If you prefer white wine, you should go for Albana. It is the first DOCG (Denomination of Controlled and Guaranteed Origin) white wine in Italy ever.
Where to eat and drink in Bologna
It has come to our understanding that Bologna is different from anywhere else we’ve travelled when it comes to choosing a place to eat. It feels as if Bologna is the only place on earth where otherwise life-saving applications such as Foursquare are useless. It’s hard to find bad food in this city. What can I say? These people must be genetically predisposed to cook great food.
That said, we do have some suggestions for dining options. We can’t help but share the divine culinary experiences we’ve had in Italy’s food capital. All the restaurants mentioned below serve well-sized or large portions and they are all excellent value for money.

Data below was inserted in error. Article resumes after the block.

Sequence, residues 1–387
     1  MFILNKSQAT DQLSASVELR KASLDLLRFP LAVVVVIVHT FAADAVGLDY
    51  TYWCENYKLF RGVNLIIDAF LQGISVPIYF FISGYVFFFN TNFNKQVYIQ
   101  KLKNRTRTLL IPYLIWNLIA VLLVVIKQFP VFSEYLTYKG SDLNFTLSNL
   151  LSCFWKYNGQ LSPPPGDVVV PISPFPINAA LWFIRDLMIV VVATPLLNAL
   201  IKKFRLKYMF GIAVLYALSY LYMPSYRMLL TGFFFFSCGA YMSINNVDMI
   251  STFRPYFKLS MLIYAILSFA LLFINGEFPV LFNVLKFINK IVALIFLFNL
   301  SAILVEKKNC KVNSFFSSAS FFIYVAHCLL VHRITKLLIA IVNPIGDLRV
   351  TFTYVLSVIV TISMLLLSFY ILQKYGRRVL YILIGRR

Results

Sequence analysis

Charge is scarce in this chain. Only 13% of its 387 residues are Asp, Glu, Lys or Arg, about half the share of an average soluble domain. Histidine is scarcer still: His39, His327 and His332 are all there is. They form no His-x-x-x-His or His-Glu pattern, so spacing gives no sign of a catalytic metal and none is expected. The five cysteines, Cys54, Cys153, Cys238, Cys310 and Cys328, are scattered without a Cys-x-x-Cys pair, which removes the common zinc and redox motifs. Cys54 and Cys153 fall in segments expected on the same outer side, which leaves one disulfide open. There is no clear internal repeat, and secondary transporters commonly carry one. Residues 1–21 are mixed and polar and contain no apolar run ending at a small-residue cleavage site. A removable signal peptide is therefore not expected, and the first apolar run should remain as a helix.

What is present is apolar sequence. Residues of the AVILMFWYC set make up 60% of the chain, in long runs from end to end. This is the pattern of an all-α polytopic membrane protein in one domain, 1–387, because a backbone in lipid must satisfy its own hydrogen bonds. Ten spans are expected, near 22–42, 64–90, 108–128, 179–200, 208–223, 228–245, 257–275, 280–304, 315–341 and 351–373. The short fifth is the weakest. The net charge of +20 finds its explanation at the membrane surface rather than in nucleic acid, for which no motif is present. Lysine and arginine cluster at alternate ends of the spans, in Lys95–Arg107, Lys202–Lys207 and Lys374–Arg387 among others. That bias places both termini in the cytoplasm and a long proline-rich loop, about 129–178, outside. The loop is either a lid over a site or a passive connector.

Pasta Fresca Naldi serves delicious fresh pasta with a variety of sauces. The handmade pasta comes in well-sized portions and low prices. There is no dining-area, only take away. The quality and taste are remarkable. It’s not open on Mondays. On all other days they only serve lunch (09:30am-14:30pm). On Friday and Saturday they also serve dinner from 18:30pm until 23:00pm. If you want a taste of something different try the Tortelloni di zucca al burro e salvia, fresh pasta filled with pumpkin and served with butter and sage. Expect some queues.